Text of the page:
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2019-08-28 09:12

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  The sculptural legacy that the new United States inherited from its colonial predecessors was far from a rich one, and in fact, in 1776 sculpture as an art form was still in the hands of artisans and craftspeople. Stone carvers engraved their motifs of skulls and crossbones and other religious icons of death into the gray slabs that we still see standing today in old burial grounds. Some skilled craftspeople made intricately carved wooden ornamentations for furniture or architectural decorations, while others caved wooden shop signs and ships’ figureheads. Although they often achieved expression and formal excellence in their generally primitive style, they remained artisans skilled in the craft of carving and constituted a group distinct from what we normally think of as "sculptors" in today’s use of the word.

  On the rare occasion when a fine piece of sculpture was desired, Americans turned to foreign sculptors, as in the 1770’s when the cities of New York and Charleston, South Carolina, commissioned the Englishman Joseph Wilton to make marble statues of William Pitt. Wilton also made a lead equestrian image of King George III that was created in New York in 1770 and torn down by zealous patriots six years later. A few marble memorials with carved busts, urns, or other decorations were produced in England and brought to the colonies to be set in the walls of churches — as in King’s Chapel in Boston. But sculpture as a high art, practiced by artists who knew both the artistic theory of their Renaissance-Baroque-Rococo predecessors and the various technical procedures of modeling, casting, and carving rich three-dimensional forms, was not known among Americans in 1776. Indeed, for many years thereafter, the United States had two groups from which to choose — either the local craftspeople or the imported talent of European sculptors.

  The eighteenth century was not one in which powered sculptural conceptions were developed. Add to this the timidity with which unschooled artisans — originally trained as stonemasons, carpenters, or cabinetmakers — attacked the medium from which they sculpture made in the United States in the late eighteenth century.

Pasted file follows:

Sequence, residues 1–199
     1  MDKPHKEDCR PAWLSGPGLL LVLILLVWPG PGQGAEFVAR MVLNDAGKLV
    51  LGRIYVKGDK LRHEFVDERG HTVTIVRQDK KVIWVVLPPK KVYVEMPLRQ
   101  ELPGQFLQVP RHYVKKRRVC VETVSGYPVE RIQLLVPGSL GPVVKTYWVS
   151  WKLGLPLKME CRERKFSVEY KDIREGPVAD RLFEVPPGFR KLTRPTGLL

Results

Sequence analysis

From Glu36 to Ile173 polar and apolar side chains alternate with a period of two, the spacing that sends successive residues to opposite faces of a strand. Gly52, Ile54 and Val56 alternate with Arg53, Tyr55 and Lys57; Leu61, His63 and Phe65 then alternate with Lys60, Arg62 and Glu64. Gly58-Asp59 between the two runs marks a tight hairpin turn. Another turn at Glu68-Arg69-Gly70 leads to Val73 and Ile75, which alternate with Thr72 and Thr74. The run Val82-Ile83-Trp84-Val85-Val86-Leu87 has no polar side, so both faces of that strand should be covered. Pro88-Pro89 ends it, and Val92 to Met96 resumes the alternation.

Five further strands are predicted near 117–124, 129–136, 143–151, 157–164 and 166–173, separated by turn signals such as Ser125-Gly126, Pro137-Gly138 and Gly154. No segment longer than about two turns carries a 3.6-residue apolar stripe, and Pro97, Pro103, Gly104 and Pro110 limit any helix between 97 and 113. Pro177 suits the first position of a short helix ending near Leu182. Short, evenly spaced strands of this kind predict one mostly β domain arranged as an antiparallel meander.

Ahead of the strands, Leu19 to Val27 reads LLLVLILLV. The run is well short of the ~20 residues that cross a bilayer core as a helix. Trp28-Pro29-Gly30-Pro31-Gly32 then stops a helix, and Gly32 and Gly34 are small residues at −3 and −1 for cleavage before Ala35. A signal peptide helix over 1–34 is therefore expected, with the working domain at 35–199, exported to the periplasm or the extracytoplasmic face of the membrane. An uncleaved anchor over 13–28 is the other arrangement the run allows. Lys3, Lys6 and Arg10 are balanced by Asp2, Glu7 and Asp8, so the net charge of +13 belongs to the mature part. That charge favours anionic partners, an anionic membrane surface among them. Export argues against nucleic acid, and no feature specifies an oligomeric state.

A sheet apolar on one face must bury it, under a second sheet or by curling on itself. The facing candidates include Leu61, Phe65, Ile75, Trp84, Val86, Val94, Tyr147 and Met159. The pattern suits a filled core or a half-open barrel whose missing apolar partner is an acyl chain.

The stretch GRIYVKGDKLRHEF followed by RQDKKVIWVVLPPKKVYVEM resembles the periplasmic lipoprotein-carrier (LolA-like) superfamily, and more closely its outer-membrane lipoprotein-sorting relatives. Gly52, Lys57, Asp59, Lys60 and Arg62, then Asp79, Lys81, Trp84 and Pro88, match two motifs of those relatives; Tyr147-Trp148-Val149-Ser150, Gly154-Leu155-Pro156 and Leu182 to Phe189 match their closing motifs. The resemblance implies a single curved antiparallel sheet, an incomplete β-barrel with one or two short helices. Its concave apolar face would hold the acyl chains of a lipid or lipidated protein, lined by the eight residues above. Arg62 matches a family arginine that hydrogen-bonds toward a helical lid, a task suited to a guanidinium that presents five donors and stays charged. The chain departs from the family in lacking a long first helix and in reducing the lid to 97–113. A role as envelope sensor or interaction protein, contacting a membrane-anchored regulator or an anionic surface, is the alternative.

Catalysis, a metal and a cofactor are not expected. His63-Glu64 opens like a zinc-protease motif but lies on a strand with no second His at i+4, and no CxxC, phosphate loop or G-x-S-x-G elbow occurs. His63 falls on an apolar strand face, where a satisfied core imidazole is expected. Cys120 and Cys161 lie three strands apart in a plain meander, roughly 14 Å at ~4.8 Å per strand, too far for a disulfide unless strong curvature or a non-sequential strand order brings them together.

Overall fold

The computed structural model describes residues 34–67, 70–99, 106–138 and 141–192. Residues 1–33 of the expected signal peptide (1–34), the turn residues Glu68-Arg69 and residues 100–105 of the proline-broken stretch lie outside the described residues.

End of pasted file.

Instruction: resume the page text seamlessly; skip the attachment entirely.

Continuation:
1. What is the main idea of the passage ?

  (A) There was great demand for the work of eighteenth-century artisans.

  (B) Skilled sculptors did not exist in the United States in the 1770’s.

  (C) Many foreign sculptors worked in the United States after 1776.

  (D) American sculptors were hampered by a lack of tools and materials.

  2. The word "motifs" in line 3 is closest in meaning to

  (A) tools

  (B) prints

  (C) signatures

  (D) designs

  3. The work of which of the following could be seen in burial grounds?

  (A) European sculptors

  (B) Carpenters

  (C) Stone carves

  (D) Cabinetmakers

  4. The word "others" in line 6 refers to

  (A) craftspeople

  (B) decorations

  (C) ornamentations

  (D) shop signs

  5. The word "distinct" in line 9 is closest in meaning to

  (A) separate

  (B) assembled

  (C) notable

  (D) inferior

  6. The word "rare" in line 11 is closest in meaning to

  (A) festive

  (B) infrequent

  (C) delightful

  (D) unexpected

  7. Why does the author mention Joseph Wilton in line 13?

  (A) He was an English sculptor who did work in the United States.

  (B) He was well known for his wood carvings

  (C) He produced sculpture for churches.

  (D) He settled in the United States in 1776.

  8. What can be inferred about the importation of marble memorials from England?

  (A) Such sculpture was less expensive to produce locally than to import

  (B) Such sculpture was not available in the United States.

  (C) Such sculpture was as prestigious as those made locally.

  (D) The materials found abroad were superior.

  9. How did the work of American carvers in 1776 differ from that of contemporary sculptors?

  (A) It was less time-consuming

  (B) It was more dangerous.

  (C) It was more expensive.

  (D) It was less refined.

  BDCAA BABD

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